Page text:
After negotiating all of that, I was lulled into a false sense of security, feeling that the training of a little girl would be easy compared.  I had not reckoned on the influence her big brothers would have on her.  Since babyhood, Little Miss Snoopy has idolised her brothers, mimicking everything they do from climbing to being superheroes.  As such, I thought I would be cunning and get the twins to demonstrate how to use the potty so that she would get the idea quickly and want to copy them.  In that regard, my plan was faultless.  She was highly motivated to use the potty after seeing her brothers do it.  I had not counted on her powers of observation though.  By that time, the twins, at three and a half,  had mastered the art of aiming into whatever receptacle they chose.  This involved, by necessity, holding and pointing.  Little Miss Snoopy was only too happy to sit on the potty.  And this is where the wee hit the fan, so to speak.  She looked down, and Oh No - Huston, we have a problem!  There was an appendage that was made very conspicuous by its absence.  No willie to hold like her brothers did! What to do?  I could see that the shock of this threw her for a short while, but, being a really clever little cookie, it didn't hold her back for long.  She grabbed hold of whatever she could and "aimed".  Males clearly have a natural advantage - it is obviously not so easy to aim a vejayjay (as good ol' Oprah would say).   Once again, I was wet from head to toe, to say nothing of the bathroom floor, and the twins, in their usual position as ardent supporters of the potty-process, also received their fair share of the dousing.  Oh dear, it seems I just can't win!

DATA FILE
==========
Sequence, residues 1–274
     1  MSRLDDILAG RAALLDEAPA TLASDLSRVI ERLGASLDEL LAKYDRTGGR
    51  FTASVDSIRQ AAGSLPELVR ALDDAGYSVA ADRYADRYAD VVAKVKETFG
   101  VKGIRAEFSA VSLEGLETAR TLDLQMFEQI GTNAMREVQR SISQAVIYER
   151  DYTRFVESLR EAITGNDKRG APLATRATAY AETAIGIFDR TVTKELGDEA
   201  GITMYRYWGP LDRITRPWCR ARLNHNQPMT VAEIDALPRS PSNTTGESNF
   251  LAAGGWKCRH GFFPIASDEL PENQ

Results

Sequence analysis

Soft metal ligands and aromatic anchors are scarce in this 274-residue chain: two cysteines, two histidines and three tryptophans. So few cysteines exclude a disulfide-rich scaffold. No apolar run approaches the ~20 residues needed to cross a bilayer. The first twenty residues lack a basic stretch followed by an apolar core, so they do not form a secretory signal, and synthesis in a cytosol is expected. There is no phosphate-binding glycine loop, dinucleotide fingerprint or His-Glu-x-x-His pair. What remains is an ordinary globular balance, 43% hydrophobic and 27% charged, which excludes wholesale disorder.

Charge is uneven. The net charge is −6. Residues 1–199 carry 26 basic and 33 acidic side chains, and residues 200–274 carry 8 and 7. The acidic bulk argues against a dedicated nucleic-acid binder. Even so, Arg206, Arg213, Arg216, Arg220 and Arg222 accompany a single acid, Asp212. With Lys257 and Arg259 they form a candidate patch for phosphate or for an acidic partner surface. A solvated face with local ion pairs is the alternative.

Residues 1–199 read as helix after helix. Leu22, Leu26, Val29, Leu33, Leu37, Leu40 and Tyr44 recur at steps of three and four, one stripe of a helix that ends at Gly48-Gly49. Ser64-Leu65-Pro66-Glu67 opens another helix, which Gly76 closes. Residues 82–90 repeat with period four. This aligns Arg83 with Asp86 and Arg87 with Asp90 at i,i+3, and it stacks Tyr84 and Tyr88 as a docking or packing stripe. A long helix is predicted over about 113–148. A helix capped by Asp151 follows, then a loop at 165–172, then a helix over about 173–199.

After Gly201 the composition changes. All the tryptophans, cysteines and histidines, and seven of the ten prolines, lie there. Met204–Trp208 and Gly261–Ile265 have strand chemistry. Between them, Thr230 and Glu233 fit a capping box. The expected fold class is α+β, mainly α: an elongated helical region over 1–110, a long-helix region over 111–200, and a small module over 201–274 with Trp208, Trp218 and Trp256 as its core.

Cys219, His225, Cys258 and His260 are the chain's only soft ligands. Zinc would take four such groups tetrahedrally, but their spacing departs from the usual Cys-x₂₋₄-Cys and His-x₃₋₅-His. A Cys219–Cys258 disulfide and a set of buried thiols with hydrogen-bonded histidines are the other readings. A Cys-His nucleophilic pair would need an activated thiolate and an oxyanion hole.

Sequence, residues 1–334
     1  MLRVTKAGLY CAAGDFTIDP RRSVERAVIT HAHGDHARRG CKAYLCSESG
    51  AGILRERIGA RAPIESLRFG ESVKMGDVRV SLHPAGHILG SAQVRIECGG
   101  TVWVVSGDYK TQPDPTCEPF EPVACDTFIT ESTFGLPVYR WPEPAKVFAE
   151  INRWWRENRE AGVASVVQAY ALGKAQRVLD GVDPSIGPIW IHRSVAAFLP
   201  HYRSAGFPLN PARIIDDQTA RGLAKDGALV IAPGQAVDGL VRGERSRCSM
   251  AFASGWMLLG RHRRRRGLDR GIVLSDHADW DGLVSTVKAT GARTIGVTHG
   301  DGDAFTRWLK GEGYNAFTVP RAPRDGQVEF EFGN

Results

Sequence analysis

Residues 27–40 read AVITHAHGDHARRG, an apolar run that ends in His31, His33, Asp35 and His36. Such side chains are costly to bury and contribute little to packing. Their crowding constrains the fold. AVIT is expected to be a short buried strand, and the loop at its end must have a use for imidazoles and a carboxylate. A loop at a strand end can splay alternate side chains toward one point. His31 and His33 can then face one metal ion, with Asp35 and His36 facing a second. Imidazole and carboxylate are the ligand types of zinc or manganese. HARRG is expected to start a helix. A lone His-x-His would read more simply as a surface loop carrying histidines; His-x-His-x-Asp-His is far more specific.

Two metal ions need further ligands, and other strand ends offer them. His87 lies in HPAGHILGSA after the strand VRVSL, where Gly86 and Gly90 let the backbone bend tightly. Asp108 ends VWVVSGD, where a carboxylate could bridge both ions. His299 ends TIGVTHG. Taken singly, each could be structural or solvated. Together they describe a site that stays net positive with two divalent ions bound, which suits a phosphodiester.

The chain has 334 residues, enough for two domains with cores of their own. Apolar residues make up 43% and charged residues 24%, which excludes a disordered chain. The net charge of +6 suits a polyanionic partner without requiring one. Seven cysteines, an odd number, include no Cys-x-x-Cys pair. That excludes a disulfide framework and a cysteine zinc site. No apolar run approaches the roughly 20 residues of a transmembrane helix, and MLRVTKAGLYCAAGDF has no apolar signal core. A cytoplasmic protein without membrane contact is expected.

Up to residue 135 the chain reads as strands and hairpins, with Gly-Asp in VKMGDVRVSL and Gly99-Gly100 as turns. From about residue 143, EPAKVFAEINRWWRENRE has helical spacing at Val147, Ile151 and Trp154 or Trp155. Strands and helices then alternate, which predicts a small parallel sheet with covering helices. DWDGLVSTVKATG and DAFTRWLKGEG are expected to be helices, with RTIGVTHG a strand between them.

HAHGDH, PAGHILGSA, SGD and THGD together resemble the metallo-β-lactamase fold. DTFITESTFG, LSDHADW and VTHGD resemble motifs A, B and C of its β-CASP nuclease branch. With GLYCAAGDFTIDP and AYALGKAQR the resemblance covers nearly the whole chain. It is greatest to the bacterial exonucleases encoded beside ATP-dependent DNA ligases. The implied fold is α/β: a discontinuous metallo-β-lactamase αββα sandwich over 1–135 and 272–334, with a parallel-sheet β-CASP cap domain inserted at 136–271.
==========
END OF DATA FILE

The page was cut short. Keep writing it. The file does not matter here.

Wednesday, 28 December 2011

How to live a long time without growing old...

Life as a child must be such an amazing and exciting experience.  I have been giving a lot of thought to what it would be like if, for one crazy, madcap day, we could become children again, still retaining what we know now.  How much would it change of how we view the world?  I believe there are various principles that we lose over time, as we grow up and become jaded by our contact with the world, that perhaps we could use more of in our lives as we live them now.  Just watching the boys and Little Miss Snoopy over this time of being away on a family holiday, I have come up with these Guiding Light Principles of being a child that we could apply to our adult lives with very little detriment, and perhaps a whole lot of benefit:
Principle Number One:  If you love something, do it over and over again.  And over and over again after that.  That way when you look back, you will never be able to say "I wish I had done that more".  We recently took our lot to the Water Recreation Centre, where we spent about four and a half hours in the lazy river, swimming around and around the central concrete block in the current of the river.  Every time we rounded the corner, and the twins yelled "Again!", I realised that it was like the first time they had tried it.  Every time.  And each time, the enjoyment was the same, the breathless anticipation, the excitement and feelings of joy.  Wow - how powerful is that?

Principle Number Two: Extract the utmost enjoyment out of every single moment, anticipate it for hours before and love every moment of it during, then think about it for ages afterwards.  We got given a box of mixed chocolates for Christmas, and for about 45 minutes as we were traveling in the car, the boys were pouring over the illustrations on the box, deciding which chocolate they were going to choose for an after-dinner treat.  When they finally got to have one, they savoured each moment, then immediately asked for their second choice as a follow-up.  For quite a while after that, they were talking to each other about whose had been the best/biggest/most exciting.